4. There are weak public-service obligations laid down for the new channels. To get a licence to use the channel entitlement, the broadcasters will need to motivate their new offerings to Icasa in terms of language offerings and programme diversity, but there are no minimum standards to be met. The result could be lots of re-runs or cheap imported programmes on the new channels.
5. In deciding whether the incumbents have acceptable offerings for their allocated channels, Icasa has an inconsistent set of criteria. For SABC’s extra public channels, a Public Value Test is prescribed (based, most likely, on a BBC practice).
As the NGO Media Monitoring Africa argues, the Public Value Test should rather be applied to all new proposed channels—albeit in varying degrees. After all, the airwaves are public resources.
6. Icasa provides for only minimal public consultation around new licences for the channels—limiting this only to proposals by SABC for new public channels (as distinct from new SABC commercial channels). Again it would be better for this provision to be applied to all new channel proposals.
7. Icasa’s rules are silent about the Set Top Boxes, which most South Africans will need to convert digital signals to show on their existing analogue TV sets (until people eventually upgrade to digital-capable sets). However, it’s government policy that these boxes should be operable across different competing broadcast services so as to avoid lock-in to one based on incompatible boxes. It’s also policy that these decoder devices should have a return-path capability. These important points need formal regulating.
8. There’s also silence in Icasa regulations about possible conditionalities on new digital services. Known as “Conditional Access”, this phenomenon needs regulatory guidelines—like under what conditions a receiver can be cut off, or given access to simulcasts in different languages, or pinpointed for targeted data streams, etc.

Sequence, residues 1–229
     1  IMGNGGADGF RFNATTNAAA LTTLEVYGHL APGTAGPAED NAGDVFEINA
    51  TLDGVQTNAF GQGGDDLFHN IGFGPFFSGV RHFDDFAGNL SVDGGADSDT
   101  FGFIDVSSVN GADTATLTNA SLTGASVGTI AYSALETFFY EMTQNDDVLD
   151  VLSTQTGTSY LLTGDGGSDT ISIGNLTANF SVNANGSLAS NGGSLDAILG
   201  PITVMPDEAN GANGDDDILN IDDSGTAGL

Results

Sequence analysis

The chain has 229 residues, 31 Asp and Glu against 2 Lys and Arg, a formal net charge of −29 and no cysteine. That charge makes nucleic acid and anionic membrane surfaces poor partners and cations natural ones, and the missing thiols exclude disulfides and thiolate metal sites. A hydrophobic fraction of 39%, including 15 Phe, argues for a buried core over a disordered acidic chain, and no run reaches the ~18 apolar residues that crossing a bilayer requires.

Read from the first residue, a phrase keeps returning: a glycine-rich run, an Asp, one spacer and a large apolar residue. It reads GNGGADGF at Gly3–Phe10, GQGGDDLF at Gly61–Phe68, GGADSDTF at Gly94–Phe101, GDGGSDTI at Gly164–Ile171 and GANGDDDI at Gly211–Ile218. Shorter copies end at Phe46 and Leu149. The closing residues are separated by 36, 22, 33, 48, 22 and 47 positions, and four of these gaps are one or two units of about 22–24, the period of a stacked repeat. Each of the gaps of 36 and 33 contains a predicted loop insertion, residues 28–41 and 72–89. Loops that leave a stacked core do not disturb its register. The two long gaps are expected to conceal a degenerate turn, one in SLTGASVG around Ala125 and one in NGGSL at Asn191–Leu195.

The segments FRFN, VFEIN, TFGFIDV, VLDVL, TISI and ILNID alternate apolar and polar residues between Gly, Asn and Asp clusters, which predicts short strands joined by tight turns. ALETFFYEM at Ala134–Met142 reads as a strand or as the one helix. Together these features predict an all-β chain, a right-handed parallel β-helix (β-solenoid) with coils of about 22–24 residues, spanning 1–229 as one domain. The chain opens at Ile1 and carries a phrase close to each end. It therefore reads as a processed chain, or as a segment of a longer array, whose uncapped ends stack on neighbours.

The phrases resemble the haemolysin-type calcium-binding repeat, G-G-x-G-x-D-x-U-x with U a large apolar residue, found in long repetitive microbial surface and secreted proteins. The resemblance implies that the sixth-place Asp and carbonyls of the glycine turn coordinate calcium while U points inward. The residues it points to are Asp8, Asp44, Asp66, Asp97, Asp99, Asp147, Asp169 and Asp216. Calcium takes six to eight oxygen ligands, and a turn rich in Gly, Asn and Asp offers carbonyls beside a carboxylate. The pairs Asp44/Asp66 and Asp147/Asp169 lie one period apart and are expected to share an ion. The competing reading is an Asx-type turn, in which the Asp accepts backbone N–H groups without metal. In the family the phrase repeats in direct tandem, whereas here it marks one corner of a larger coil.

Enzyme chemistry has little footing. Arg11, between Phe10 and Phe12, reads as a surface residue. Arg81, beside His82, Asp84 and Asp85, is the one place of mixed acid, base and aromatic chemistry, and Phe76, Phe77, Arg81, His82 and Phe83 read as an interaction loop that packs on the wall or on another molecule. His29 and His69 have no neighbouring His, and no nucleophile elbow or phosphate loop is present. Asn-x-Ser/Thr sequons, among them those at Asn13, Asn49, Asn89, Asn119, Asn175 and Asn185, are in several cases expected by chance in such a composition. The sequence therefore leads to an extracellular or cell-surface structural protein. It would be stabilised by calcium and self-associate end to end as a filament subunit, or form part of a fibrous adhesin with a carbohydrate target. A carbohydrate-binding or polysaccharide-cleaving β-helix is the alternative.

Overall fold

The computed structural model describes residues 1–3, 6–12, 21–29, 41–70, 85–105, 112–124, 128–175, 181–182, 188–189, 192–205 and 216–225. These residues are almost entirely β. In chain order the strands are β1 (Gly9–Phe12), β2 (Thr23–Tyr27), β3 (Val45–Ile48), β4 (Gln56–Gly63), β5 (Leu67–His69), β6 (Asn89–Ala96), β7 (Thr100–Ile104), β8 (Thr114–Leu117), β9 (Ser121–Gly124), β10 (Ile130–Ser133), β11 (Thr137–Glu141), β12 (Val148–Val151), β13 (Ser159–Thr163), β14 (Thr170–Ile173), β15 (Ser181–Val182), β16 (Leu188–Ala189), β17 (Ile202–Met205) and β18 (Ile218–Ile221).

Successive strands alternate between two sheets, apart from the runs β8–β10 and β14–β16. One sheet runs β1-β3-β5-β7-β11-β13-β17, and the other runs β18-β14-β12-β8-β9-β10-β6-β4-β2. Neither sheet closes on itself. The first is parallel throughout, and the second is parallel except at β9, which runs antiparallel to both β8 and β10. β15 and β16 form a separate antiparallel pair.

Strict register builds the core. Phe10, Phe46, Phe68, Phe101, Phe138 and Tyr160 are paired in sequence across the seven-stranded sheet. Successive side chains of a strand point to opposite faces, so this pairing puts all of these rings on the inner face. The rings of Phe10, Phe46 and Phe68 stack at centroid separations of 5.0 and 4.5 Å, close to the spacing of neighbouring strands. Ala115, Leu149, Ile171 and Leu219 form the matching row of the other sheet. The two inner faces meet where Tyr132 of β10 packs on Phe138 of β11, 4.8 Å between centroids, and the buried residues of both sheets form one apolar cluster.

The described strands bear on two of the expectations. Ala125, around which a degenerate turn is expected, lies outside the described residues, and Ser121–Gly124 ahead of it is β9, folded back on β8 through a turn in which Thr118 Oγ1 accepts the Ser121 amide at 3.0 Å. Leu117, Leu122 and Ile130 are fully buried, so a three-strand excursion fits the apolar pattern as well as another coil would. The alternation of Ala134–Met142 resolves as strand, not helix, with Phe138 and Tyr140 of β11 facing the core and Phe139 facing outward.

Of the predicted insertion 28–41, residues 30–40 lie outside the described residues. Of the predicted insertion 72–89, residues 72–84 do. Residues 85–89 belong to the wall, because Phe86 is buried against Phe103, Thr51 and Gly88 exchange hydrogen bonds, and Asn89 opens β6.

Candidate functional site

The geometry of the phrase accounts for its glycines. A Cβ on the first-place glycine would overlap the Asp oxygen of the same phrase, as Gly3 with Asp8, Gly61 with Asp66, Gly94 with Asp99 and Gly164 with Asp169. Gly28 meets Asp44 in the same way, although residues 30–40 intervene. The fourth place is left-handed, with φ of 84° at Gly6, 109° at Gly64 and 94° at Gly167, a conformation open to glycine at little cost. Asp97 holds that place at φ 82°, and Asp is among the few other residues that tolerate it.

9. Icasa has decided that the Mux operators will be the signal distributor, rather than the broadcasters. This leaves it unclear as to whom the digital frequency is assigned. For instance, could a broadcaster lease out unused bandwidth (for data purposes, for instance), or is that the prerogative of the operator-distributor who wants to maximise signal usage?
10. What’s also problematic is a lack of clarity about the “digital dividend”—a phrase that refers to airwaves that are vacated as analogue transmission drops off. Icasa says it will use some spectrum freed up by M-Net for a fourth multiplex. For the rest, however, the regulator says it will wait until the very end of the transition before allocating “dividend” frequency to purposes like cellphone use, broadband wireless or return-paths for interactive TV.
But from another point of view, prioritising broadband wireless much earlier would bring South Africa into a dynamic but parallel universe to broadcasting.
The point is that people with broadband internet access can call up what programmes they want, rather than be force-fed what’s being broadcast out to them. The prospect of 10 new broadcast channels is an advance on where we are, but it also pales when compared to the range of audio-video content available on the web.